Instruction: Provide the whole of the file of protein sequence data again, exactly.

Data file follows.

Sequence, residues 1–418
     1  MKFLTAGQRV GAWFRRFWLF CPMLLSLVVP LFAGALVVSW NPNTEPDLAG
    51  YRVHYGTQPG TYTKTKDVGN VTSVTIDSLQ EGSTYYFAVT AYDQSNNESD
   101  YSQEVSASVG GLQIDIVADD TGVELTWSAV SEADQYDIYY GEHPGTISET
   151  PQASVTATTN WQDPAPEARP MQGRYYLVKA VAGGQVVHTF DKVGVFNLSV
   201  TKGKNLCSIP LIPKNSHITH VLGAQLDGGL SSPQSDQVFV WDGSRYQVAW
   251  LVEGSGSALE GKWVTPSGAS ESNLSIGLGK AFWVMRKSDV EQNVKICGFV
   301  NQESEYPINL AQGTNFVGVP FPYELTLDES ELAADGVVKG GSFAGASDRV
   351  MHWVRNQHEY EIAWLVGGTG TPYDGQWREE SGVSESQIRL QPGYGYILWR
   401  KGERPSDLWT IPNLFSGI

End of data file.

Sequence, residues 1–418
     1  MKFLTAGQRV GAWFRRFWLF CPMLLSLVVP LFAGALVVSW NPNTEPDLAG
    51  YRVHYGTQPG TYTKTKDVGN VTSVTIDSLQ EGSTYYFAVT AYDQSNNESD
   101  YSQEVSASVG GLQIDIVADD TGVELTWSAV SEADQYDIYY GEHPGTISET
   151  PQASVTATTN WQDPAPEARP MQGRYYLVKA VAGGQVVHTF DKVGVFNLSV
   201  TKGKNLCSIP LIPKNSHITH VLGAQLDGGL SSPQSDQVFV WDGSRYQVAW
   251  LVEGSGSALE GKWVTPSGAS ESNLSIGLGK AFWVMRKSDV EQNVKICGFV
   301  NQESEYPINL AQGTNFVGVP FPYELTLDES ELAADGVVKG GSFAGASDRV
   351  MHWVRNQHEY EIAWLVGGTG TPYDGQWREE SGVSESQIRL QPGYGYILWR
   401  KGERPSDLWT IPNLFSGI